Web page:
Black Women and Mental Health

I’m pretty addicted to Tumblr  on Tumblr fairly regularly, and a few weeks ago a blog popped up entitled “This is Black Privilege.” The purpose of the blog was to mock other blogs on the site that dealt with white privilege. One of the posts from this blog was something along the lines of (paraphrasing) “Black women privilege is being able to say whatever you want without being called on it, when other women are called a ‘bitch’ for the same thing.” I mean, if that is not the biggest load of garbage you have ever heard in your life, I don’t know what is. It speaks to a number of issues including white privilege, lack of critical thinking skills, and cognitive dissonance associated with not having to actually live as a Black woman, and be referred to as “the angry Black woman” for simply disagreeing with something. Anyway, as a response, on my blog I wrote “Black female privilege is being referred to as ‘so strong’ and ‘angry’ when you’re actually suffering from undiagnosed depression.” It was a simple statement that I am well aware of from personal experience, and it seemed to resonate with a lot of other Black women, as well, as the post received more than a few notes. And, that made me sad.

Depression and mental health issues, in the media and public at large are often associated with white people. If a white man goes on a shooting spree, it must be due to mental illness. If a Black man does the same, he was just violent (thank you racism). Unfortunately, this misappropriation is not limited to gender. When we think of Black women in general the words “angry” “strong” “independent” often come to mind. I used to read a blog that dealt with Black women and interracial dating, and by far, a majority of the men on the site said they found Black women attractive or appealing because we were “strong and independent.” Sounds good, right? No one wants to be thought of as weak. But then, I think about the notes and comments I received on my post about Black women and depression, and I realize this image of us, has harmed us to the point where mental health professionals, those close to us, and even ourselves, are unable to understand when we are dealing with depression or some other mental health problem.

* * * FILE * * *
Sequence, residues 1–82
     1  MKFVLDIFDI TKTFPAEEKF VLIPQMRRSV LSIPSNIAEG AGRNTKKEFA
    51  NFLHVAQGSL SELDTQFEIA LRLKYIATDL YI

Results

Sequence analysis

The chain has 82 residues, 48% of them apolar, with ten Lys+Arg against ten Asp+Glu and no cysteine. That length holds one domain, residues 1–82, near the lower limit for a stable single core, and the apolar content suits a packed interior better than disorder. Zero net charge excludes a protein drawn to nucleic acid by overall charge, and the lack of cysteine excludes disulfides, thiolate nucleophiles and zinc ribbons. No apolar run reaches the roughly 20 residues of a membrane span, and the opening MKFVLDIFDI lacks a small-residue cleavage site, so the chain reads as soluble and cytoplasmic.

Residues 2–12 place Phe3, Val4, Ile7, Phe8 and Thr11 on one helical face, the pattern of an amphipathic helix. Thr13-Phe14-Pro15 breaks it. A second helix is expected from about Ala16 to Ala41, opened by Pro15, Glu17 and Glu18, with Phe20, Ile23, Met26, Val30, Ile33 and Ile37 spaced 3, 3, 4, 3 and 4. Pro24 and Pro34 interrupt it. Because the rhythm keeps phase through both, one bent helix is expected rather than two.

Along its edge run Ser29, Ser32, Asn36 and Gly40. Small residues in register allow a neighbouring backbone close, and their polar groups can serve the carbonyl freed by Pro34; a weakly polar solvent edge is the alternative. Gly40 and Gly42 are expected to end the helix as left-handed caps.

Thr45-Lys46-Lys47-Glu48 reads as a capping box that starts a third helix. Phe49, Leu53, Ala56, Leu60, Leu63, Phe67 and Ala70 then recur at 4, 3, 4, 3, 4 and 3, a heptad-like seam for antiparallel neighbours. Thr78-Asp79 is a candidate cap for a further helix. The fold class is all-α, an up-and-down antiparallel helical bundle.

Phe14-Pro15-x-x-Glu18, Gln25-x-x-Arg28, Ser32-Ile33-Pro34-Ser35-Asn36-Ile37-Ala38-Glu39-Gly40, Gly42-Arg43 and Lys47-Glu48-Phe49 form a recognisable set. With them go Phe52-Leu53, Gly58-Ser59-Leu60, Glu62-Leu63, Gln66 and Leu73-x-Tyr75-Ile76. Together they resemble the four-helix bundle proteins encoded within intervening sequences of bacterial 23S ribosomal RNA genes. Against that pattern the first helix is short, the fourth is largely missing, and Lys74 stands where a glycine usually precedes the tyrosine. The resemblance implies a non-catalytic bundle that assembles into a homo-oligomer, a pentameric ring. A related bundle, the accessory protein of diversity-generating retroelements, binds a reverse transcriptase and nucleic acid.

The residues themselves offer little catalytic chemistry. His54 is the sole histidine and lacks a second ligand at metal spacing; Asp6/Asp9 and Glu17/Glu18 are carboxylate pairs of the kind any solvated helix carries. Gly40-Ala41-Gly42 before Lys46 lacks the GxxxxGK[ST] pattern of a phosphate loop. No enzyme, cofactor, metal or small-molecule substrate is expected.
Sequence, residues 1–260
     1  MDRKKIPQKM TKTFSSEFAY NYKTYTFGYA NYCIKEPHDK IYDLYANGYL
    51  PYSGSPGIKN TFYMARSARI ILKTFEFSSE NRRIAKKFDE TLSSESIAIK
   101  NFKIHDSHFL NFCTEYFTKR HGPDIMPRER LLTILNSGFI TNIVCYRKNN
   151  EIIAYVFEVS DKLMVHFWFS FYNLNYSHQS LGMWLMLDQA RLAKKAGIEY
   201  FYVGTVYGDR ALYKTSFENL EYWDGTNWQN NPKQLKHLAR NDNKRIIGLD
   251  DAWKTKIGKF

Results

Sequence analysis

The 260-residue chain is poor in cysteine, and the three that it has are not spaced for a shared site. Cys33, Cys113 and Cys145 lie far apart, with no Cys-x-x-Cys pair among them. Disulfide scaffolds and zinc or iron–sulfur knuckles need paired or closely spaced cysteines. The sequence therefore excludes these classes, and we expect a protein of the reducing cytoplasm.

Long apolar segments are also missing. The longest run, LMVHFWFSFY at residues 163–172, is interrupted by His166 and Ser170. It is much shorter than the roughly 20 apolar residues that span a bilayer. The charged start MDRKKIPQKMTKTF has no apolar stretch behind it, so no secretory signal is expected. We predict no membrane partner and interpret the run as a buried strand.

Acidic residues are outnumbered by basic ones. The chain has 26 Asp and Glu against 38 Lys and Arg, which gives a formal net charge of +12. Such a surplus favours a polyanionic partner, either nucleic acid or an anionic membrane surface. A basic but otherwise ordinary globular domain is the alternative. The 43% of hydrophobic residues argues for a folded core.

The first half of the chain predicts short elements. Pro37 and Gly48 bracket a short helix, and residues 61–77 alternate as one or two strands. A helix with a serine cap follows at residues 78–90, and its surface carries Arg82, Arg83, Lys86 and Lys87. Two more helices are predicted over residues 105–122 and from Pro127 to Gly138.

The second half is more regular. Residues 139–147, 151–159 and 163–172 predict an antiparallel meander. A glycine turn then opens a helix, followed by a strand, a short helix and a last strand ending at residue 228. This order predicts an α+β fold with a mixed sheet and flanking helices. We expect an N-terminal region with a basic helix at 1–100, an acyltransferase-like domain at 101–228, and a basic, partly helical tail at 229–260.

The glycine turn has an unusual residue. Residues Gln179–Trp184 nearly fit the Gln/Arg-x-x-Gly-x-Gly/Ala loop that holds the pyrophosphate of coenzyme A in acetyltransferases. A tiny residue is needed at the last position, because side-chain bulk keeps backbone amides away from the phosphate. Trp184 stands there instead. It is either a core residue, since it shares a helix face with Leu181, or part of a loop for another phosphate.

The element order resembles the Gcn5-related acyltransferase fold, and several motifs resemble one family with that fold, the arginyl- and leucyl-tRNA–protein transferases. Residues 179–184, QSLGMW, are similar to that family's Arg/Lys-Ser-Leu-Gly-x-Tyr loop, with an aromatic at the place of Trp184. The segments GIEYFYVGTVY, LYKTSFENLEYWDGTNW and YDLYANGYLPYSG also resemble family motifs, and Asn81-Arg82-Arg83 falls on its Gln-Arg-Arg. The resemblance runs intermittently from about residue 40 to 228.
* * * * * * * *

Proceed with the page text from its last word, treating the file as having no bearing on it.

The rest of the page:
There are a number of reasons as to why mental health awareness and services are lacking among Black women. Some of these reasons are a result of our own coping mechanisms, and some are societal standards that have been placed on us. If we are supposed to be strong, the supportive “Mammy” figure, and the “independent Black woman, who don’t need a man” how are we supposed to be able to admit to ourselves and others, that we need help? And, will we even be listened to when we admit it? The convoluted history of Black people and healthcare in the US, has lead to the perception that Black people, in general, feel less pain than white people. If we are perceived as feeling less physical pain, even by professionals, it is not a large leap in judgement to assume that our mental health pain is often overlooked, as well. These deeply ingrained racial biases in conjunction with the image of Black women being “strong” (along with less access to healthcare, overall due to socioeconomic issues) serve, at least in part, explain why so many of us are suffering from mental health issues in silence.

Part of self-care, a major part, is taking care of our mental health. As a Black woman who suffers from depression, I realize how empowering it can be to admit to having a problem and seeking help for it. I also found that once I began talking about it with other people in my life, I was met with the stories of others (both Black women and other women of color) who were going through depression or some other mental health issue as well. Unfortunately, many of us are suffering alone and it does not need to happen. We can be strong, independent, and fierce, while taking care of ourselves getting the help we need. I encourage all people, but especially women of color and Black women to learn about the symptoms of depression and other mental health disorders, and if needed, seek out the help you need. You will be better for it.

What is your experience with mental health and treatment? Have you felt that your diagnosis was impeded by your race and/or racial perception?

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